A Bell's Biography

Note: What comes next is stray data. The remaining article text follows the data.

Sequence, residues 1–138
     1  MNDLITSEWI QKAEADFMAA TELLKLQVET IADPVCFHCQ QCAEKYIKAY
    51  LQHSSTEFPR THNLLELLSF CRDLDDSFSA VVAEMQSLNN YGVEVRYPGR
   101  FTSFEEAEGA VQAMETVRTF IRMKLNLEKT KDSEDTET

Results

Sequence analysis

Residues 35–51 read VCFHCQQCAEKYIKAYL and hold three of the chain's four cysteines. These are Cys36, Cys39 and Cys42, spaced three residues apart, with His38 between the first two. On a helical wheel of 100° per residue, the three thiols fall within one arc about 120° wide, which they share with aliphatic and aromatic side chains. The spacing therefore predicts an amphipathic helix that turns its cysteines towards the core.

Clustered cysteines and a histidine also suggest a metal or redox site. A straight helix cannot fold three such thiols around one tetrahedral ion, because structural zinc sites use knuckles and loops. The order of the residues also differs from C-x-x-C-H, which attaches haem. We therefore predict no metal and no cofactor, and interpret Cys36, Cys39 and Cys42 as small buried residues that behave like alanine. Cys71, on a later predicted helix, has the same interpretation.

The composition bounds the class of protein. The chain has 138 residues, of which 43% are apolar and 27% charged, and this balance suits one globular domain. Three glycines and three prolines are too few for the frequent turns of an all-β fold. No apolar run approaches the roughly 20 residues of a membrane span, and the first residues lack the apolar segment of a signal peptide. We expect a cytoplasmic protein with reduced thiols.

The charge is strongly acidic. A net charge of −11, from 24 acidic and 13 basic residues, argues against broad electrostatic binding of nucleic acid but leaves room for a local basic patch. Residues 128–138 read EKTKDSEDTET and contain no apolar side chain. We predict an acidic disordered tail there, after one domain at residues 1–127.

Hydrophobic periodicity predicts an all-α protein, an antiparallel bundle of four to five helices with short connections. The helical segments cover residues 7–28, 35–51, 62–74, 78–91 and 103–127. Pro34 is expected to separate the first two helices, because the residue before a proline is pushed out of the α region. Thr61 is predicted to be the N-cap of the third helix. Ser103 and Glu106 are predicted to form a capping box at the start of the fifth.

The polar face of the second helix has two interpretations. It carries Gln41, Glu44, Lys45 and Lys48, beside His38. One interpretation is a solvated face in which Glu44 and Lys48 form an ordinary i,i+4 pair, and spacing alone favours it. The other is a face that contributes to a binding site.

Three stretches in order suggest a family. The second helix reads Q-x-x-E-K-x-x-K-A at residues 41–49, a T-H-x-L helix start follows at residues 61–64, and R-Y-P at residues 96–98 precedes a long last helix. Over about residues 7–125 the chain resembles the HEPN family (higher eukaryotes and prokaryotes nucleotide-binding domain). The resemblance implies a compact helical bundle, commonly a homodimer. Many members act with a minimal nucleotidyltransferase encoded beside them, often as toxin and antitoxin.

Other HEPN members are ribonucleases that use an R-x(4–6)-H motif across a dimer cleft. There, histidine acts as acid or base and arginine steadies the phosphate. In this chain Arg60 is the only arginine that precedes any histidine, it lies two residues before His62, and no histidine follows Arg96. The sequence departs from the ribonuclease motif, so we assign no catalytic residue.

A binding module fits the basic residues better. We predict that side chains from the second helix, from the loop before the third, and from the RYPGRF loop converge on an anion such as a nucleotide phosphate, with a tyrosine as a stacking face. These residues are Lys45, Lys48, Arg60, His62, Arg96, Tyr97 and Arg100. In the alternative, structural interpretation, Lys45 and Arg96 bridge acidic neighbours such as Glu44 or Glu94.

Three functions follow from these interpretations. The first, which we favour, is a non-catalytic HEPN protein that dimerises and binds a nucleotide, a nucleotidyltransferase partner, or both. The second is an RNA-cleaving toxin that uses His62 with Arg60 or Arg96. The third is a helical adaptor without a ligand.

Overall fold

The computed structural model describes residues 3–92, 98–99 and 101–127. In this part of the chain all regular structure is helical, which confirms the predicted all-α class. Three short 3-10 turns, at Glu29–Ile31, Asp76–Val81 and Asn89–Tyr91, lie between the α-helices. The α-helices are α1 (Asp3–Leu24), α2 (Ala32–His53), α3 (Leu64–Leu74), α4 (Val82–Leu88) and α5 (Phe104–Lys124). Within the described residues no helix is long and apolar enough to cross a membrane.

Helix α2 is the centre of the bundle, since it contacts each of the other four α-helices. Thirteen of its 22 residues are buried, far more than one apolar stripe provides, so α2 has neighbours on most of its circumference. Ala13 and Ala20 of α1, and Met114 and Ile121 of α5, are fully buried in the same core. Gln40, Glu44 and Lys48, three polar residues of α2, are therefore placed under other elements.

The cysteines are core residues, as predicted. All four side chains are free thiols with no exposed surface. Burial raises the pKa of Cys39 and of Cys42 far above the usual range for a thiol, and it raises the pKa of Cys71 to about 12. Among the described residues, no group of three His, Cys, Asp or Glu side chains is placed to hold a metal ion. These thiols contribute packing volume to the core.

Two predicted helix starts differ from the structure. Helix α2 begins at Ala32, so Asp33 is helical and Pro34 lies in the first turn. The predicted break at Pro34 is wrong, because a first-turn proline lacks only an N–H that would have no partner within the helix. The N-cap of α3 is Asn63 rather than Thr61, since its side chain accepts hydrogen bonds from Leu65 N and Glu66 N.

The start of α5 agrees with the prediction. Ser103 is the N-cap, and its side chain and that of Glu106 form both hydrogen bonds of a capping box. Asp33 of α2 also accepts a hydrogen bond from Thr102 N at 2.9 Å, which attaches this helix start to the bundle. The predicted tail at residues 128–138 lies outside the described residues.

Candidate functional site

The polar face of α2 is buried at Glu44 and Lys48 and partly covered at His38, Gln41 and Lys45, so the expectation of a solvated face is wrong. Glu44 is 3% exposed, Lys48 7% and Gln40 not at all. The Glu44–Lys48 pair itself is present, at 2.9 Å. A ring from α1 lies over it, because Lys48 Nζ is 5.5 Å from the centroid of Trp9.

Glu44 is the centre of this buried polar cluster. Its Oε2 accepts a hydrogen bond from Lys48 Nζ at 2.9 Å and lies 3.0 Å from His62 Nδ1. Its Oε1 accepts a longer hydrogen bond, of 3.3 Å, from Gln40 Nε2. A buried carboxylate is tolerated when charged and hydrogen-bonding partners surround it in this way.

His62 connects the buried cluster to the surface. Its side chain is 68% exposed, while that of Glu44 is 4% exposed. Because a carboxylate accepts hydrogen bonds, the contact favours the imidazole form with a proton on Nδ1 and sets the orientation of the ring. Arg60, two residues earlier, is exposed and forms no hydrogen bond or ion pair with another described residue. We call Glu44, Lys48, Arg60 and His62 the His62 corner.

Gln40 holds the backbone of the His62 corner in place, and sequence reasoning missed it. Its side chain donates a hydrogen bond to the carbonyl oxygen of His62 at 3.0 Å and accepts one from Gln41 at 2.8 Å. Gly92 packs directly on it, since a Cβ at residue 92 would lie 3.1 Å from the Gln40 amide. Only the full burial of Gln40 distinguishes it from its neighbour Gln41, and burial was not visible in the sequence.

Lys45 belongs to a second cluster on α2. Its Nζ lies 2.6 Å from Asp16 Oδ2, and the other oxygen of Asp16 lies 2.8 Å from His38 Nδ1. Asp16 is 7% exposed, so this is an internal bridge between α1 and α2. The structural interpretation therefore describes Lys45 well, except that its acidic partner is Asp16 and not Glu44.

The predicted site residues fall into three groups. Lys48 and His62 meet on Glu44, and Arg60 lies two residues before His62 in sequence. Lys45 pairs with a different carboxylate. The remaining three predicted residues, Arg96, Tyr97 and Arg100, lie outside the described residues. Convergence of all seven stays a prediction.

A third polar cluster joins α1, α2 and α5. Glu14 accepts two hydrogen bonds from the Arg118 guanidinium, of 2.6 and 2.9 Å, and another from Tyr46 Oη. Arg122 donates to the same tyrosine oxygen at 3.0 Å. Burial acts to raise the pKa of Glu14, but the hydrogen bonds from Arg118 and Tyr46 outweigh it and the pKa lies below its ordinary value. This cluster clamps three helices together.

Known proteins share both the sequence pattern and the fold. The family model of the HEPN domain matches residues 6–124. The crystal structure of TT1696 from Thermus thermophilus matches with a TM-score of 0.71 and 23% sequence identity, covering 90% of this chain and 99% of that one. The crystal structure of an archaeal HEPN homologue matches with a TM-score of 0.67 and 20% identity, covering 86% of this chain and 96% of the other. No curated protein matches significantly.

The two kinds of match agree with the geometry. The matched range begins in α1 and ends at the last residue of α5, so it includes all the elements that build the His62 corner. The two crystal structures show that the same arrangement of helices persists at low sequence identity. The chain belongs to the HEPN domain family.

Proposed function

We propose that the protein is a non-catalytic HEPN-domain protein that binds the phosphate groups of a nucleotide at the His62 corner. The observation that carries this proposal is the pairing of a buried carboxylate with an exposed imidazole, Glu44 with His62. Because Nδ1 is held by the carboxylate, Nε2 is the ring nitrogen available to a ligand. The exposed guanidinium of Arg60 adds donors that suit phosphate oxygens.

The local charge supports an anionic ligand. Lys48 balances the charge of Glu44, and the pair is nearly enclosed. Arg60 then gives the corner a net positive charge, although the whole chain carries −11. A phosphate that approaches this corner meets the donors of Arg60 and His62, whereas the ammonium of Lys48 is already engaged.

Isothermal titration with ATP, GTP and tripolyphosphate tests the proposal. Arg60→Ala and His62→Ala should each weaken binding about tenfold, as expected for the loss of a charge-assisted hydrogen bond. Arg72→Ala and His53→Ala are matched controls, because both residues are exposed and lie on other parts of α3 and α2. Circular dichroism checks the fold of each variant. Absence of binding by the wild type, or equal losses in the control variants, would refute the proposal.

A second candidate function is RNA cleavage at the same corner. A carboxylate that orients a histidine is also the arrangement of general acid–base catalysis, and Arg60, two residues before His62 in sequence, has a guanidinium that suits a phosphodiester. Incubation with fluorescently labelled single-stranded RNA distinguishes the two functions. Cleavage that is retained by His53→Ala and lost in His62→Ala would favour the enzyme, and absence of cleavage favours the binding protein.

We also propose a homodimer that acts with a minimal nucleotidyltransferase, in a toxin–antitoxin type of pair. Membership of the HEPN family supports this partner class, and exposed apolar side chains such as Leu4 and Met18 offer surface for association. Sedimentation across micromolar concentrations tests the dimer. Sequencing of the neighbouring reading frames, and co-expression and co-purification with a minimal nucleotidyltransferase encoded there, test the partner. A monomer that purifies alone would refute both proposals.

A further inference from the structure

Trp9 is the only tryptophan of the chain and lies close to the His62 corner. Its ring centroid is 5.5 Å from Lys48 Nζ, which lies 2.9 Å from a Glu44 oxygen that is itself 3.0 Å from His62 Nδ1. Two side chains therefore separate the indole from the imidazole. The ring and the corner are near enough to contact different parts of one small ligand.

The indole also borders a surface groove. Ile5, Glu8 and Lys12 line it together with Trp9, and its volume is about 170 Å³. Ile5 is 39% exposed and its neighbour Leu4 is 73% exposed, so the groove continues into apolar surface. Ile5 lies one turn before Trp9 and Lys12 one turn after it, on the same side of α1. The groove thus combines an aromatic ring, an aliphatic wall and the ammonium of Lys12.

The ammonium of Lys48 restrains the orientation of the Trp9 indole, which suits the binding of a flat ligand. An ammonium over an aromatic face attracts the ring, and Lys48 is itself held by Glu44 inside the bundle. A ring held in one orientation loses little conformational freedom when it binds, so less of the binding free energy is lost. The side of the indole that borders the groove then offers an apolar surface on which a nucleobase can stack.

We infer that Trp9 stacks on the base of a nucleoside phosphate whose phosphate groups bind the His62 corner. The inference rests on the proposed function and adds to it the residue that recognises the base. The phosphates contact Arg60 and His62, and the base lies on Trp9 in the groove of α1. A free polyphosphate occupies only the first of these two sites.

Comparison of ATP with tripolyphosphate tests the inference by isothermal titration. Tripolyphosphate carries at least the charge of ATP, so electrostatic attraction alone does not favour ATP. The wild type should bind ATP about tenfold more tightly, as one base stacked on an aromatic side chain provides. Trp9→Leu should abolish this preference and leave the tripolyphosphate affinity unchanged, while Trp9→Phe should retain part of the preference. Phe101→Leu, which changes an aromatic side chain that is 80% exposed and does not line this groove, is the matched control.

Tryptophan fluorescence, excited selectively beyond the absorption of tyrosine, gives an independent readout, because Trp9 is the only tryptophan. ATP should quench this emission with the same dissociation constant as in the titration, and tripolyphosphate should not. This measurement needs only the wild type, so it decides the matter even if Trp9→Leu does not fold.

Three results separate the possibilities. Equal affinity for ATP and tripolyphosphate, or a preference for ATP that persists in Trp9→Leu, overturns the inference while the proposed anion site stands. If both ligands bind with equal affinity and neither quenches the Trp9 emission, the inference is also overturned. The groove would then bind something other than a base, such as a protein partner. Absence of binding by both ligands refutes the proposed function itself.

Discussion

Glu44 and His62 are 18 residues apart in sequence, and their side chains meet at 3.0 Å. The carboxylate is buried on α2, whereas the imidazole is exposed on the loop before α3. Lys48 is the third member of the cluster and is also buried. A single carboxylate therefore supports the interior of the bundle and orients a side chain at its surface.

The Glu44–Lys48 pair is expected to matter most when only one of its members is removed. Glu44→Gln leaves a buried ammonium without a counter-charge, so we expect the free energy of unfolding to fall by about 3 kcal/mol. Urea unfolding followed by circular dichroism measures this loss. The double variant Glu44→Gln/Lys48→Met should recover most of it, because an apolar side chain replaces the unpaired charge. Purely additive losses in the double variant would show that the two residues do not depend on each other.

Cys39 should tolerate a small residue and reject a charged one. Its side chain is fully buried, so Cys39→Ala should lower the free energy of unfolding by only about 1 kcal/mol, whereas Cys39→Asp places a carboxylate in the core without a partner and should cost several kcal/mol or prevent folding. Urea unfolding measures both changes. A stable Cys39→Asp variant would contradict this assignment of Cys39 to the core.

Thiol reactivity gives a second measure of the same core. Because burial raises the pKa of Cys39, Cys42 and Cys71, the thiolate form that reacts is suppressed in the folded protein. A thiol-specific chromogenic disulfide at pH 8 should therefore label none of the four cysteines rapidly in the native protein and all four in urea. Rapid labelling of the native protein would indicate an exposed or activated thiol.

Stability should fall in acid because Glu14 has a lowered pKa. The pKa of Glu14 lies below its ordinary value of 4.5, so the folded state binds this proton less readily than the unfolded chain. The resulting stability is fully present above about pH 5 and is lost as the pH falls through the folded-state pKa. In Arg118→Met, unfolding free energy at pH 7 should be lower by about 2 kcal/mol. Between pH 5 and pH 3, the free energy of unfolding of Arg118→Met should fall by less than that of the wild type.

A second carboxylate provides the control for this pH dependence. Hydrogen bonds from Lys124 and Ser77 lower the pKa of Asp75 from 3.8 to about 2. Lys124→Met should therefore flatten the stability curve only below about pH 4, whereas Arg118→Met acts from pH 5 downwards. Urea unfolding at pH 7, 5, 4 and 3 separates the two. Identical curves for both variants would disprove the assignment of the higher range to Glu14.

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Excerpt Hearken to our neighbor with the iron tongue. While I sit musing over my sheet of foolscap, he emphatically tells the hour, in tones loud enough for all the town to hear, though doubtless intended only as a gentle hint to myself, that I may begin his biography before the evening shall be further wasted. Unquestionably, a personage in such an elevated position, and making so great a noise in the world, has a fair claim to the services of a biographer. He is the representative and most illustrious member of that innumerable class, whose characteristic feature is the tongue, and whose sole business, to clamor for the public good. If any of his noisy brethren, in our tongue-governed democracy, be envious of the superiority which I have assigned him, they have my free consent to hang themselves as high as he. And, for his history, let not the reader apprehend an empty repetition of ding-dong-bell. He has been the passive hero of wonderful vicissitudes, with which I have chanced to become acquainted, possibly from his own mouth; while the careless multitude supposed him to be talking merely of the time of day, or calling them to dinner or to church, or bidding drowsy people go bedward, or the dead to their graves. Many a revolution has it been his fate to go through, and invariably with a prodigious uproar. And whether or no he have told me his reminiscences, this at least is true, that the more I study his deep-toned language, the more sense, and sentiment, and soul, do I discover in it. This bell—for we may as well drop our quaint personification—is of antique French manufacture, and the symbol of the cross betokens that it was meant to be suspended in the belfry of a Romish place of worship. The old people hereabout have a tradition, that a considerable part of the metal was supplied by a brass cannon, captured in one of the victories of Louis the Fourteenth over the Spaniards, and that a Bourbon princess threw her golden crucifix into the molten mass. It is said, likewise, that a bishop baptized and blessed the bell, and prayed that a heavenly influence might mingle with its tones. When all due ceremonies had been performed, the Grand Monarque bestowed the gift—than which none could resound his beneficence more loudly—on the Jesuits, who were then converting the American Indians to the spiritual dominion of the Pope. So the bell,—our self-same bell, whose familiar voice we may hear at all hours, in the streets,—this very bell sent forth its first-born accents from the tower of a log-built chapel, westward of Lake Champlain, and near the mighty stream of the St. Lawrence. It was called Our Lady's Chapel of the Forest. The peal went forth as if to redeem and consecrate the heathen wilderness. The wolf growled at the sound, as he prowled stealthily through the underbrush; the grim bear turned his back, and stalked sullenly away; the startled doe leaped up, and led her fawn into a deeper solitude. The red men wondered what awful voice was speaking amid the wind that roared through the tree-tops; and, following reverentially its summons, the dark-robed fathers blessed them, as they drew near the cross-crowned chapel. In a little time, there was a crucifix on every dusky bosom. The Indians knelt beneath the lowly roof, worshipping in the same forms that were observed under the vast dome of St. Peter's, when the Pope performed high mass in the presence of kneeling princes. All the religious festivals, that awoke the chiming bells of lofty cathedrals, called forth a peal from Our Lady's Chapel of the Forest. Loudly rang the bell of the wilderness while the streets of Paris echoed with rejoicings for the birthday of the Bourbon, or whenever France had triumphed on some European battle-field. And the solemn woods were saddened with a melancholy knell, as often as the thick-strewn leaves were swept away from the virgin soil, for the burial of an Indian chief. Meantime, the bells of a hostile people and a hostile faith were ringing on Sabbaths and lecture-days, at Boston and other Puritan towns. Their echoes died away hundreds of miles southeastward of Our Lady's Chapel. But scouts had threaded the pathless desert that lay between, and, from behind the huge tree-trunks, perceived the Indians assembling at the summons of the bell. Some bore flaxen-haired scalps at their girdles, as if to lay those bloody trophies on Our Lady's altar. It was reported, and believed, all through New England, that the Pope of Rome, and the King of France, had established this little chapel in the forest, for the purpose of stirring up the red men to a crusade against the English settlers....
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